Part 2: The Moral of the Story

We've been wrestling with the question of just how explicit, in the things of faith, a Christian film should be. Should it be in your face with Jesus and the gospel, or should it be more subtle?

We asked two sharp-thinking filmmakers to help us wrestle with the question. Rik Swartzwelder is an L.A. filmmaker whose short, The Least of These, won numerous awards on the film festival circuit. Atlanta's Angela Harvey is a filmmaker, writer, graphic designer, and founder of Crimson, which produces independent films, gospel tracts and greeting cards.

In an oversimplified nutshell, Swartzwelder believes Christian filmmakers should feel free to be direct with spiritual content—including the gospel—in the context of cinematic storytelling, while Harvey believes such things should be communicated in a more subtle way, if at all. With those assumptions as the starting point, we asked Rik and Angela to debate their positions in an e-mail exchange—which we're now sharing with you in a special four-part series, starting today and running through Thursday.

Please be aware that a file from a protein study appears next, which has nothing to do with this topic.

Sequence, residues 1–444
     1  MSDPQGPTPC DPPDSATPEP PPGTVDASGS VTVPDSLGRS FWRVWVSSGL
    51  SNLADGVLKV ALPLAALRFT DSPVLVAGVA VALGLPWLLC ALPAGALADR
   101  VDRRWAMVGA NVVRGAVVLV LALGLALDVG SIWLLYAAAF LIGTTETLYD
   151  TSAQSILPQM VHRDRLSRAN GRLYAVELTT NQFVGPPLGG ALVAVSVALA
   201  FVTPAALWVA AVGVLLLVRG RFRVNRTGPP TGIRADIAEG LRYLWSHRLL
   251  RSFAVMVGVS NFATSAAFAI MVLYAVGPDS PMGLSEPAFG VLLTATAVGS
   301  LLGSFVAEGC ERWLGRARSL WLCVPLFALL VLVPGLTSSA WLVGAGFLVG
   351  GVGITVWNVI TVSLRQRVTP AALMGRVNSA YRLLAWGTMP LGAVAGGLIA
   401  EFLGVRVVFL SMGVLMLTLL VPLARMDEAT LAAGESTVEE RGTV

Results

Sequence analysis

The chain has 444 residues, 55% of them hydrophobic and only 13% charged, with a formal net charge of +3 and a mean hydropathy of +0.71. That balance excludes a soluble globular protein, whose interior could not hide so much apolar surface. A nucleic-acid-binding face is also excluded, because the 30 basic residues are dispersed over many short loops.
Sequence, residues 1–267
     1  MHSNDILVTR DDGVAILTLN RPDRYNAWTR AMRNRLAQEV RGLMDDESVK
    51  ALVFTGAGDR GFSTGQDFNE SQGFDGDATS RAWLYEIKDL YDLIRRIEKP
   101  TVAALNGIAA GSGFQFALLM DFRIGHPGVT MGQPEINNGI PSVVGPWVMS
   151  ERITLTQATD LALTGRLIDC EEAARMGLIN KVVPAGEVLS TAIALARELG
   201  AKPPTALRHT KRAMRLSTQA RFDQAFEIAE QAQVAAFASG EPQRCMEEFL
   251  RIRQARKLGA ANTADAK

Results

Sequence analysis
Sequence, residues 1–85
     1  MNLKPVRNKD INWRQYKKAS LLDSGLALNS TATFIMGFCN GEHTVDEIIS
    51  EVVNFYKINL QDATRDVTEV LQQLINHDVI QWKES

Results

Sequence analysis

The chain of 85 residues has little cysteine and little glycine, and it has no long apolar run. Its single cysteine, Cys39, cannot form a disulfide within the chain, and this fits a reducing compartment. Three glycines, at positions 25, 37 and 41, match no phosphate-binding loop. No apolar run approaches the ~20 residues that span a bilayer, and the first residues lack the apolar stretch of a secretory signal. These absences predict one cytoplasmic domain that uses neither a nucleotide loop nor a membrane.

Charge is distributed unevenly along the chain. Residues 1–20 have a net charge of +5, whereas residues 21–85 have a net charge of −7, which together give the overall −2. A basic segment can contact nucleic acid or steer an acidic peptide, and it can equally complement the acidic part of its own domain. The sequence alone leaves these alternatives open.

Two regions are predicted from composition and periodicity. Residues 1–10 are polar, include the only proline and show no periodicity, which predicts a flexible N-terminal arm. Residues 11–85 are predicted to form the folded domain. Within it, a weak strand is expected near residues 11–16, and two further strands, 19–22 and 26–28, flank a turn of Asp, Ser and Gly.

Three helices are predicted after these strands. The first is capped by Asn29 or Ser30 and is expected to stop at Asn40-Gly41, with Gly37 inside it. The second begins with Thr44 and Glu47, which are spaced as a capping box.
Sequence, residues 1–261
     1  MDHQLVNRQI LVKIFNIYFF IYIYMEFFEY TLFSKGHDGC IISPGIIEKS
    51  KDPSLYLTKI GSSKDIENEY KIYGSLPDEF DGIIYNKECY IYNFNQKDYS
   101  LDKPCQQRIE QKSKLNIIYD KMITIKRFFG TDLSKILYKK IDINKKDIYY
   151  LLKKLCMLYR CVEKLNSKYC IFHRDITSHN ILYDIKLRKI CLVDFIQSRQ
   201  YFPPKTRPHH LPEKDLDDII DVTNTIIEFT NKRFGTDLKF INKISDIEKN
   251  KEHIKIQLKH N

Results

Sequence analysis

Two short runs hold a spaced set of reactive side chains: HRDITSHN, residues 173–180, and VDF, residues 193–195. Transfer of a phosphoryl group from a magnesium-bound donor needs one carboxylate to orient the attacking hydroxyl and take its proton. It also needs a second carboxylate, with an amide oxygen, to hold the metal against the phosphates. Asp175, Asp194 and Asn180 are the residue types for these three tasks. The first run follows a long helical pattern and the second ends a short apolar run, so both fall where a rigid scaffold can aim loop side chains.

We kicked off yesterday with Part 1, where both parties essentially presented their opening positions on the topic. The debate steps up a notch today with Part 2 …

Angela Harvey writes:

Let me address some of the direct questions you've posed, then I'll delve deeper into my position.

First, I did not say, nor did I intend to imply, that Christian filmmakers should hide their faces or their faith from the audience. That would be disingenuous and a terribly unsatisfying experience. When I say "Christian themes," I mean that filmmakers can incorporate things like quoting Scripture in dialogue, though perhaps not citing chapter and verse. ...

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